Disable binary logging. This is useful for avoiding an endless loop
if you use the --to-last-log option and are sending the output to
the same MySQL server. This option also is useful when restoring
after a crash to avoid duplication of the statements you have
logged. This option is available as of MySQL 4.1.8.
This option requires that you have the SUPER privilege. It causes
mysqlbinlog to include a SET SQL_LOG_BIN=0 statement in its output
to disable binary logging of the remaining output. The SET statement
is ineffective unless you have the SUPER privilege.
o --user=user_name, -u user_name
The MySQL username to use when connecting to a remote server.
o --version, -V
Display version information and exit.
You can also set the following variable by using --var_name=value
Specify the number of open file descriptors to reserve.
It is also possible to set variables by using
--set-variable=var_name=value or -O var_name=value syntax. This syntax
You can pipe the output of mysqlbinlog into the mysql client to execute
the statements contained in the binary log. This is used to recover
from a crash when you have an old backup (see Section 7.1, "Database
Backups"). For example:
shell> mysqlbinlog binlog.000001 | mysql
shell> mysqlbinlog binlog.[0-9]* | mysql
You can also redirect the output of mysqlbinlog to a text file instead,
if you need to modify the statement log first (for example, to remove
statements that you do not want to execute for some reason). After
editing the file, execute the statements that it contains by using it
as input to the mysql program.
mysqlbinlog has the --start-position option, which prints only those
statements with an offset in the binary log greater than or equal to a
given position (the given position must match the start of one event).
It also has options to stop and start when it sees an event with a
given date and time. This enables you to perform point-in-time recovery
using the --stop-datetime option (to be able to say, for example, "roll
forward my databases to how they were today at 10:30 AM").
If you have more than one binary log to execute on the MySQL server,
the safe method is to process them all using a single connection to the
server. Here is an example that demonstrates what may be unsafe:
shell> mysqlbinlog binlog.000001 | mysql # DANGER!!
shell> mysqlbinlog binlog.000002 | mysql # DANGER!!
Processing binary logs this way using different connections to the
server causes problems if the first log file contains a CREATE
TEMPORARY TABLE statement and the second log contains a statement that
uses the temporary table. When the first mysql process terminates, the
server drops the temporary table. When the second mysql process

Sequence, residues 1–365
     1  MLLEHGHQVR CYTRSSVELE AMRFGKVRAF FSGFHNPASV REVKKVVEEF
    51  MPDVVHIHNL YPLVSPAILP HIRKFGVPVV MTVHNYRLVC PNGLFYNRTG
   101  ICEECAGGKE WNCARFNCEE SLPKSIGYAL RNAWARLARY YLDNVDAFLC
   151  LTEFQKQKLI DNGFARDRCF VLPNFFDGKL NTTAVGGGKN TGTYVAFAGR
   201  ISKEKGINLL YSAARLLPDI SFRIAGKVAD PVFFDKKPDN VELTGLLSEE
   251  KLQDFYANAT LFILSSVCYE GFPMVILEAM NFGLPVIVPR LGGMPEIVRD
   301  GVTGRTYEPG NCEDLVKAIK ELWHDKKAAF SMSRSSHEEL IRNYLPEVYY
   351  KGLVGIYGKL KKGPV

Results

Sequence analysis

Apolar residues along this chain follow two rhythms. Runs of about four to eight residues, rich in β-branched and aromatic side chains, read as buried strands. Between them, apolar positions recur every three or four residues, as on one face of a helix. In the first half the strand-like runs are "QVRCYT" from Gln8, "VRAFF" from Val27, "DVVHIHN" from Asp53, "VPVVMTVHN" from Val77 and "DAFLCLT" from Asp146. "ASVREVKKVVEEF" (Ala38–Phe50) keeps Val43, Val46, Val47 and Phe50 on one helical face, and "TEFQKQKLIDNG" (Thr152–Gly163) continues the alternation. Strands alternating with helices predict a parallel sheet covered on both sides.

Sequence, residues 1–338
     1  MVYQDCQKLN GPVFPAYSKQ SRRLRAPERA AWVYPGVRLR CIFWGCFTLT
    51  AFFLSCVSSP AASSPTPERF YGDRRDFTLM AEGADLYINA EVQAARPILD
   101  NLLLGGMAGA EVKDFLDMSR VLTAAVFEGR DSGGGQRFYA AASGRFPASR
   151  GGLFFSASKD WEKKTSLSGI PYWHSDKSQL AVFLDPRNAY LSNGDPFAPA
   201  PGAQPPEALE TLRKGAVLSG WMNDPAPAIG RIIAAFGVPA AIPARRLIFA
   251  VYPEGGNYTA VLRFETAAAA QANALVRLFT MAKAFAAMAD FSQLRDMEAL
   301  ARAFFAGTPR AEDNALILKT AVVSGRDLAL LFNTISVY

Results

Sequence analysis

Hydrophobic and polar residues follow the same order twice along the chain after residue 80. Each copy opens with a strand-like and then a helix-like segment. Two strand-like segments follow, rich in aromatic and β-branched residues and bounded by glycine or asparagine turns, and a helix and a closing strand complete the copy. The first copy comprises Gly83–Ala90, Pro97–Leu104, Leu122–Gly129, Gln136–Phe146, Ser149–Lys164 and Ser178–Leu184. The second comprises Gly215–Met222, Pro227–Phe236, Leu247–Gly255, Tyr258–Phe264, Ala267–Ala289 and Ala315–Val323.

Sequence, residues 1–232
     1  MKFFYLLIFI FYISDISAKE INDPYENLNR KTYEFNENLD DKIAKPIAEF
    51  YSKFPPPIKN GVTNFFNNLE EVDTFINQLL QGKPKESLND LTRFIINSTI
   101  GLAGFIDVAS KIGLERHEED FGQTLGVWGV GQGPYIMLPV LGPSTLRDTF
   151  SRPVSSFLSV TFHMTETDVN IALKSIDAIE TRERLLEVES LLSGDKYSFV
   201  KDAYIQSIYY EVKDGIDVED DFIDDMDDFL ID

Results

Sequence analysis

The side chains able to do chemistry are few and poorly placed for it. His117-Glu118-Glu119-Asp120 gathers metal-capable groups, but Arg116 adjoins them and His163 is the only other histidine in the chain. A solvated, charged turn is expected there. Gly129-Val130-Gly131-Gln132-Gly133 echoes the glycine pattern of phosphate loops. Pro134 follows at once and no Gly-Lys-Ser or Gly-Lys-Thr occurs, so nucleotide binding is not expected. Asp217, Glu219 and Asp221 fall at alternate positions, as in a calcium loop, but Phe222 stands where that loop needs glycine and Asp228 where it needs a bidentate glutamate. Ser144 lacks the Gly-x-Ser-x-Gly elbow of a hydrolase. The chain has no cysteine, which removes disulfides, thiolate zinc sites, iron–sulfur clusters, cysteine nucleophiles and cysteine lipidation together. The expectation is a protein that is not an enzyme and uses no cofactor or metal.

attempts to use the table, the server reports "unknown table."
To avoid problems like this, use a single connection to execute the
contents of all binary logs that you want to process. Here is one way
to do so:
shell> mysqlbinlog binlog.000001 binlog.000002 | mysql
Another approach is to write all the logs to a single file and then
process the file:
shell> mysqlbinlog binlog.000001 > /tmp/statements.sql
shell> mysqlbinlog binlog.000002 >> /tmp/statements.sql
shell> mysql -e "source /tmp/statements.sql"
In MySQL 3.23, the binary log did not contain the data to load for LOAD
DATA INFILE statements. To execute such a statement from a binary log
file, the original data file was needed. Starting from MySQL 4.0.14,
the binary log does contain the data, so mysqlbinlog can produce output
that reproduces the LOAD DATA INFILE operation without the original
data file. mysqlbinlog copies the data to a temporary file and writes
a LOAD DATA LOCAL INFILE statement that refers to the file. The default
location of the directory where these files are written is
system-specific. To specify a directory explicitly, use the
Because mysqlbinlog converts LOAD DATA INFILE statements to LOAD DATA
LOCAL INFILE statements (that is, it adds LOCAL), both the client and
the server that you use to process the statements must be configured to
allow LOCAL capability. See Section 4.4, "Security Issues with LOAD
Warning: The temporary files created for LOAD DATA LOCAL statements are
not automatically deleted because they are needed until you actually
execute those statements. You should delete the temporary files
yourself after you no longer need the statement log. The files can be
found in the temporary file directory and have names like
Before MySQL 4.1, mysqlbinlog could not prepare output suitable for
mysql if the binary log contained interlaced statements originating
from different clients that used temporary tables of the same name.
This is fixed in MySQL 4.1. However, the problem still existed for LOAD
DATA INFILE statements until it was fixed in MySQL 4.1.8.
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For more information, please refer to the MySQL Reference Manual, which
may already be installed locally and which is also available online at
MySQL AB (http://www.mysql.com/). This software comes with no
MySQL 4.1 01/27/2006 MYSQLBINLOG(1)